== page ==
Ryan Seacrest, Stevie Wonder pay tribute to Dick Clark at AMAs

LOS ANGELES, CA - NOVEMBER 18: Musician Stevie Wonder performs onstage during the 40th American Music Awards held at Nokia Theatre L.A. Live on November 18, 2012 in Los Angeles, California. (Photo by Kevin Winter/Getty Images) Kevin Winter

Ryan Seacrest and Stevie Wonder honored Dick Clark, who died earlier this year, in a special tribute at the American Music Awards,  a  eremony that the late TV personality created 40 years ago.

Seacrest said the show still reflects Clark's original vision: Bring together the year's most popular artists and "let the music speak for itself."

"Dick loved the power of music and its ability to create pure joy," Seacrest said Sunday before introducing Wonder, whom he described as someone Clark loved as a friend and musician for 49 years.

"I remember his friendship and his kindness. I remember his love for music and his love for people," Wonder said. "I challenge you, you as communicators, leaders, politicians, spiritual leaders: Put your love first like we musicians put our music first... Then we can be jamming until the break of dawn."

Wonder played a medley of songs as images of Clark and the many musicians he worked with flashed across the screen.

Other artists shared their admiration for Clark on the red carpet and backstage at the Nokia Theatre. Will.i.am, who presented the artist of the year award to Justin Bieber, said Clark's legacy for spotting and encouraging talent is why the American Music Awards have endured for 40 years.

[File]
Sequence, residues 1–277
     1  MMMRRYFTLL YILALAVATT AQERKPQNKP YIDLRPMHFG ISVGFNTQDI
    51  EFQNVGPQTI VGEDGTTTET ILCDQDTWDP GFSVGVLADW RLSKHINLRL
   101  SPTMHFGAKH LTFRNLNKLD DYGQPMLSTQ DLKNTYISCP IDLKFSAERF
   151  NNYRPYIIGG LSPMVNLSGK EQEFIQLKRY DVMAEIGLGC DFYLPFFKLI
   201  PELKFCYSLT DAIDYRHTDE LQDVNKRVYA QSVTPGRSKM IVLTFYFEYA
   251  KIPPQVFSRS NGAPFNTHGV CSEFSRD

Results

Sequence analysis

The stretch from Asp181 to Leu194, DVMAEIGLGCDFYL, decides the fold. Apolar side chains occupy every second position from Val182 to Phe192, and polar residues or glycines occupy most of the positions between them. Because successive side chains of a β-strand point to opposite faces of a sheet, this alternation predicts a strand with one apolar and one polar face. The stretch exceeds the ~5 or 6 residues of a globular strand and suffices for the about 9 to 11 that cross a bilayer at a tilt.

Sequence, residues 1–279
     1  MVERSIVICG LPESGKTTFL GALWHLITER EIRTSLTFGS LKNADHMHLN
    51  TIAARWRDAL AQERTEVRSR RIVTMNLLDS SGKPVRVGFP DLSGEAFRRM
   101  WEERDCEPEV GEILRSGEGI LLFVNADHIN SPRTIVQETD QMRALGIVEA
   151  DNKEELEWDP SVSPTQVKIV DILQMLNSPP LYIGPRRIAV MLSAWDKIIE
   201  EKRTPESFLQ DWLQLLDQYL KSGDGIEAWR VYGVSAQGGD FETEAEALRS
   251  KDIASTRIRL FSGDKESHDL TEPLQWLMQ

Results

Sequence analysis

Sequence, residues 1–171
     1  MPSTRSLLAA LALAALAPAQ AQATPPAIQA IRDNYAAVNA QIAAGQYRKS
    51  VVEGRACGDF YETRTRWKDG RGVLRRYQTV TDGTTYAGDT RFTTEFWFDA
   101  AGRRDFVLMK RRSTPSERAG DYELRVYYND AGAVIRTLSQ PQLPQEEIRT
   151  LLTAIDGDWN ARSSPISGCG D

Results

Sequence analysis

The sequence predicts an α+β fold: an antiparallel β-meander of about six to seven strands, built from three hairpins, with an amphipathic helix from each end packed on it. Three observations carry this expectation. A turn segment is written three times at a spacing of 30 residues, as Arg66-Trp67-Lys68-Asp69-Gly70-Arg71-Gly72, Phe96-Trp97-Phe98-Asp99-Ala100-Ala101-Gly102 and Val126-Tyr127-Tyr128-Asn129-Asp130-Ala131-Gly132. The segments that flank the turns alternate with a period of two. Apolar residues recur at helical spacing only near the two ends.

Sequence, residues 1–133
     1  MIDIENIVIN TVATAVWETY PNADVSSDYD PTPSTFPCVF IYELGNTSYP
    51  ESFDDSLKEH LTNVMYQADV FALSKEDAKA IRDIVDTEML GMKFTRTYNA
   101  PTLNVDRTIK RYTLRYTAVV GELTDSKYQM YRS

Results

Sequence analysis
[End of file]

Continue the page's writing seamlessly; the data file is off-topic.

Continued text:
"I remember seeing Whitney Houston on the American Music Awards. Lionel Richie. Santana. Jefferson Airplane," he said. "Think of all the classic, iconic television moments. Now, my generation is part of it and the next generation is part of this American iconic family time."

Usher, who was named favorite male soul/R&B artist Sunday, said he always admired Clark and aims to emulate his legacy of fostering young talent.

"He's so rich with culture and been able to recognize talent for so many years and have an incredible legacy. I'm just really happy to still be a part of it and still take an award home," Usher said. "To be an artist that's been able to continue to evolve and transcend culture, it's from the book of Dick Clark, the fact that he's, throughout generations, been able to recognize incredible talent across genres."

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